Plundering an original story for box office cash is low enough, yet the greater Wachowski crime is their inability (formerly witnessed in Matrix Reloaded) to construct a story with present—albeit subtle–political bias that is still interesting to watch. What V for Vendetta becomes then, is simply a Democratic Party propaganda poster for the 2006 elections rather than a useful commentary on personal freedom in today’s polarized era.

Besides the film’s obvious attempts to malign Christianity by placing crosses in the Norsefire flag and including a High Priest who enjoys raping young girls with the support of the party, Vendetta manages to incorporate two rather pointless swipes against Western values to fit its role as a spin flick for the Marxist Left. For one, main character Evie’s uncle is a firm anti-conservative activist who keeps a copy of the Qu’ran in his basement for its “artistry.” At the same time, Norsefire chancellor Adam Sutler is a radical Bible-thumper who rules Britain as an unapologetic fascist assisted by frays of Dick Cheney-esque lackeys and anti-terrorist inspectors. No one is denying that Christian theocrats can exist, but should Islam be given a free pass on this one? Because Iran’s Ayatollah must surely oppress women only because it is Islamic “artistry,” correct?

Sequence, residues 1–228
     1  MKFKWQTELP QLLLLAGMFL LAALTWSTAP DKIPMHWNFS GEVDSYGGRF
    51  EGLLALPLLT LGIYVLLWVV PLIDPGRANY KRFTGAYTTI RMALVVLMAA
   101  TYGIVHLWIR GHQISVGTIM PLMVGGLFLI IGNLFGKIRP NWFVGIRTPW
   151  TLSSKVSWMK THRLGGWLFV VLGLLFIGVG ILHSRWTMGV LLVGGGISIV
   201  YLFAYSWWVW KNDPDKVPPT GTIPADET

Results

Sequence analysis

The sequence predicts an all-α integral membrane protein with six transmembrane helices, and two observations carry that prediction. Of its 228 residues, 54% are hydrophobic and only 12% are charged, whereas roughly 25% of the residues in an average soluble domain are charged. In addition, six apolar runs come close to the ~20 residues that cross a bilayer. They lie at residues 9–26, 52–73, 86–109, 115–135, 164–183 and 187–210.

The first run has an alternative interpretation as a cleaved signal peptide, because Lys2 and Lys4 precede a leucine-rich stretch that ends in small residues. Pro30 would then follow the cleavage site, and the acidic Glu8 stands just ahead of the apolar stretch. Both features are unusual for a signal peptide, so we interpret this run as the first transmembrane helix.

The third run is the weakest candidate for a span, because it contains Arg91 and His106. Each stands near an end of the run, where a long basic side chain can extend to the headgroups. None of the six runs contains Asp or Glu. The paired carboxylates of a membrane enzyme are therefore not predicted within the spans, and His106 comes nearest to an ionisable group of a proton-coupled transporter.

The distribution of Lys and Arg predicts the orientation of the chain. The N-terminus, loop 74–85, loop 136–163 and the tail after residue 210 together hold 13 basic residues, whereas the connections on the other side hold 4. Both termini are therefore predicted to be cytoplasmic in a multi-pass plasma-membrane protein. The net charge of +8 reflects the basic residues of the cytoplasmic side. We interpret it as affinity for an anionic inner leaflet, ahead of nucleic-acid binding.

Then the audience experiences the LGBT campaign’s cameo (actually more like Act III of the picture). Arrested for treason and thrown into a concentration camp, Evie discovers the correspondences of two lesbians, apparently helpless victims of Norsefire’s religious extremism. Just in case gay men or transsexuals become offended, the filmmakers also imply that anarchist V is a homosexual and/or a cross dresser.